speller String Optional parameter, not specific to semantic queries, that corrects misspelled terms before they reach the search engine. For more information, see Add spell correction to queries.
answers String Optional parameters that specify whether semantic answers are included in the result. Currently, only "extractive" is implemented. Answers can be configured to return a maximum of five. The default is one. This example shows a count of three answers: "extractive|count3"`. For more information, see Return semantic answers.

Formulate the request

This section steps through query formulation.

Step 1: Set queryType and queryLanguage

Add the following parameters to the rest. Both parameters are required.

"queryType": "semantic",
"queryLanguage": "en-us",

The queryLanguage must be a supported language and it must be consistent with any language analyzers assigned to field definitions in the index schema. For example, you indexed French strings using a French language analyzer (such as "" or "fr.lucene"), then queryLanguage should also be French language variant.

In a query request, if you are also using spell correction, the queryLanguage you set applies equally to speller, answers, and captions. There is no override for individual parts. Spell check supports fewer languages, so if you are using that feature, you must set queryLanguage to one from that list.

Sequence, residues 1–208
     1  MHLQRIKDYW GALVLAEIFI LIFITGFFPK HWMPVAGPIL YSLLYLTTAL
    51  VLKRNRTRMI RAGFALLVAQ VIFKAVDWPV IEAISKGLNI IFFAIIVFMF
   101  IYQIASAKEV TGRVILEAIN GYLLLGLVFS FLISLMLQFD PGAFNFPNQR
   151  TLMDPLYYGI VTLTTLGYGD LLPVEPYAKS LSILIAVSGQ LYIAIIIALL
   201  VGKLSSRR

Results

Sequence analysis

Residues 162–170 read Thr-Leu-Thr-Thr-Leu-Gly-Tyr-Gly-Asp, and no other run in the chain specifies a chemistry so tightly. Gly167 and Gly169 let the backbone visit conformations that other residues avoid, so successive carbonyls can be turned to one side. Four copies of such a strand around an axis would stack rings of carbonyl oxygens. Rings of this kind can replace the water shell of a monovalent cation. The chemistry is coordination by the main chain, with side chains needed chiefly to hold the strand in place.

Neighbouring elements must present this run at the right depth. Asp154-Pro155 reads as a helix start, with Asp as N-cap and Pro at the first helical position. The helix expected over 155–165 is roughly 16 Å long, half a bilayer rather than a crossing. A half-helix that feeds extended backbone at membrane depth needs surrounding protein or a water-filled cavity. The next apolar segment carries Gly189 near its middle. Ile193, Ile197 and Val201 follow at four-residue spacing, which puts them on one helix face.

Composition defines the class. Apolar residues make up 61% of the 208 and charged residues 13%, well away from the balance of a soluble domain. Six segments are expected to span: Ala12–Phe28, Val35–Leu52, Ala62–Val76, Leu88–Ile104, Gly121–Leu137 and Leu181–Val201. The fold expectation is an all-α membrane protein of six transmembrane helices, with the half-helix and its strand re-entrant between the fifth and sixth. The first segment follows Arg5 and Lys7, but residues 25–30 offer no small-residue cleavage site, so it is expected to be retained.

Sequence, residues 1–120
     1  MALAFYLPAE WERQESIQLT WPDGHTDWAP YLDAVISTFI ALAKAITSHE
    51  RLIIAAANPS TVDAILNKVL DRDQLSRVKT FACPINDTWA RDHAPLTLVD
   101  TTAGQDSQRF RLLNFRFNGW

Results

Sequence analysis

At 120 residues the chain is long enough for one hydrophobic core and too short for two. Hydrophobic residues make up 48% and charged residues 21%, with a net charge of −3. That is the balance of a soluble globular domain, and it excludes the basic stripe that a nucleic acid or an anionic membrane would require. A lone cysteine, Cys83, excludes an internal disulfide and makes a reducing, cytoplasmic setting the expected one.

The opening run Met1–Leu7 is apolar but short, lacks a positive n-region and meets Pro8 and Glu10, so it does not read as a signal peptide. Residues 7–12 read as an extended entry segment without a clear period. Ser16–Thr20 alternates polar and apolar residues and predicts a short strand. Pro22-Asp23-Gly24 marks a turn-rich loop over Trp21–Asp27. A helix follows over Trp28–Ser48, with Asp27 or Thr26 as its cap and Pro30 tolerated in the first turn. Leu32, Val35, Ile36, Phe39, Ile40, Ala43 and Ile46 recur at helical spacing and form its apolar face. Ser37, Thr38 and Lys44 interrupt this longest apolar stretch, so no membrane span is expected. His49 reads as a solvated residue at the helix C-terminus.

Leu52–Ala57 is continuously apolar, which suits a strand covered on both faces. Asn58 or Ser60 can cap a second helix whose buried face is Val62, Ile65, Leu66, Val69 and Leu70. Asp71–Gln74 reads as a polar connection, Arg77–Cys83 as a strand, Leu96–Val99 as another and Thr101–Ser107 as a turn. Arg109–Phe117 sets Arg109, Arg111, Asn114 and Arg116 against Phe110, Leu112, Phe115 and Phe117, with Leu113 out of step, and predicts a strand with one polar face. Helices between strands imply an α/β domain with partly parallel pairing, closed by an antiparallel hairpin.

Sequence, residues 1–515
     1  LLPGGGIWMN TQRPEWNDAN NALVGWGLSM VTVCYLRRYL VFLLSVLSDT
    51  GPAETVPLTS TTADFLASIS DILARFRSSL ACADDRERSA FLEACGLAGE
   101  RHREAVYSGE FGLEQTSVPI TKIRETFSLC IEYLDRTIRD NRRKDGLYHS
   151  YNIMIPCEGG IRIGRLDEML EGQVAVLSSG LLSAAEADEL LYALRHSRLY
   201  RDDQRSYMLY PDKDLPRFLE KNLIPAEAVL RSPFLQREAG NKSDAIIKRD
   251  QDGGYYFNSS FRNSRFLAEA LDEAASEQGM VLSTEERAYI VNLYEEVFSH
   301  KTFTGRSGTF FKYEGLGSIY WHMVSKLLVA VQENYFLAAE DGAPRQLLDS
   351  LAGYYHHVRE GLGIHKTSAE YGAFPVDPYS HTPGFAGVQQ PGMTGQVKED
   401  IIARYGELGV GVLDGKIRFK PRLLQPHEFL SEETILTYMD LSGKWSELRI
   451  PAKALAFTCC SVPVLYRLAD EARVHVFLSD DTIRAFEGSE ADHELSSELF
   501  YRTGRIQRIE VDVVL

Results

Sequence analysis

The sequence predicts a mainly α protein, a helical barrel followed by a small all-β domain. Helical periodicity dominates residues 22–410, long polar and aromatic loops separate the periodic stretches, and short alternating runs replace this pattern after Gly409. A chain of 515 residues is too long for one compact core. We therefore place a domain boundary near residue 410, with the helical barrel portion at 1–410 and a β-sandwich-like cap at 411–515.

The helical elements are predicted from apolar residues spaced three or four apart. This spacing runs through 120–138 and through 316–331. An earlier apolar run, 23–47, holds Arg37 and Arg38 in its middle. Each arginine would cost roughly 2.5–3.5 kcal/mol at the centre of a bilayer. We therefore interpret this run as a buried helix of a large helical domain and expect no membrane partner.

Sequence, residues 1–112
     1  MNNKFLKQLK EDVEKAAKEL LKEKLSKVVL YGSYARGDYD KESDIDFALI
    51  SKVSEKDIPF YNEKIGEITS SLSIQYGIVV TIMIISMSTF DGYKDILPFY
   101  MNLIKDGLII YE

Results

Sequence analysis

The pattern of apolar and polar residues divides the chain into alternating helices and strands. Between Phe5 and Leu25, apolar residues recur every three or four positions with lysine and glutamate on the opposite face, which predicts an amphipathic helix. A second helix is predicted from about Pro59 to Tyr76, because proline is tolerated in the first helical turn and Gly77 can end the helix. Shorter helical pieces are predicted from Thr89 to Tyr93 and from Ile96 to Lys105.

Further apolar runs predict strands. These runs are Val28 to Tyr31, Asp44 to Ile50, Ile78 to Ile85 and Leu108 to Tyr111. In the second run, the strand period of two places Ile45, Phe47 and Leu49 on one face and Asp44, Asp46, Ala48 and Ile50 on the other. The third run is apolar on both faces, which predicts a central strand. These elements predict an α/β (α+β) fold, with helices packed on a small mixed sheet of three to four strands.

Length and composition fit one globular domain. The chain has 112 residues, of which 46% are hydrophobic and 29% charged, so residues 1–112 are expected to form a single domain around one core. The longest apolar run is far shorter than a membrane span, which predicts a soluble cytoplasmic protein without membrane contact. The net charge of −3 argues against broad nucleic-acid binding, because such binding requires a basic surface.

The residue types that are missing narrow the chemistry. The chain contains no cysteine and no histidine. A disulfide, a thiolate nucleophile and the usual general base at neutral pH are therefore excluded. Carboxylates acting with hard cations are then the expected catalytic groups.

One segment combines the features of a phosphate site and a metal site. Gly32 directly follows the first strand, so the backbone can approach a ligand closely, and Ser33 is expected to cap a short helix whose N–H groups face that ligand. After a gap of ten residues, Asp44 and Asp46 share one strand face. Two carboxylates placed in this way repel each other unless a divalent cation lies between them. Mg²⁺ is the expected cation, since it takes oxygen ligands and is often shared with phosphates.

While content in a search index can be composed in multiple languages, the query input is most likely in one. The search engine doesn't check for compatibility of queryLanguage, language analyzer, and the language in which content is composed, so be sure to scope queries accordingly to avoid producing incorrect results.

Step 2: Set searchFields

Add searchFields to the request. It's optional but strongly recommended.

"searchFields": "HotelName,Category,Description",

The searchFields parameter is used to identify passages to be evaluated for "semantic similarity" to the query. For the preview, we do not recommend leaving searchFields blank as the model requires a hint as to which fields are the most important to process.

In contrast with other parameters, searchFields is not new. You might already be using searchFields in existing code for simple or full Lucene queries. If so, revisit how the parameter is used so that you can check for field order when switching to a semantic query type.

Allowed data types

When setting searchFields, choose only fields of the following supported data types. If you happen to include an invalid field, there is no error, but those fields won't be used in semantic ranking.

Data type Example from hotels-sample-index
Edm.String HotelName, Category, Description
Edm.ComplexType Address.StreetNumber, Address.City, Address.StateProvince, Address.PostalCode
Collection(Edm.String) Tags (a comma-delimited list of strings)
Order of fields in searchFields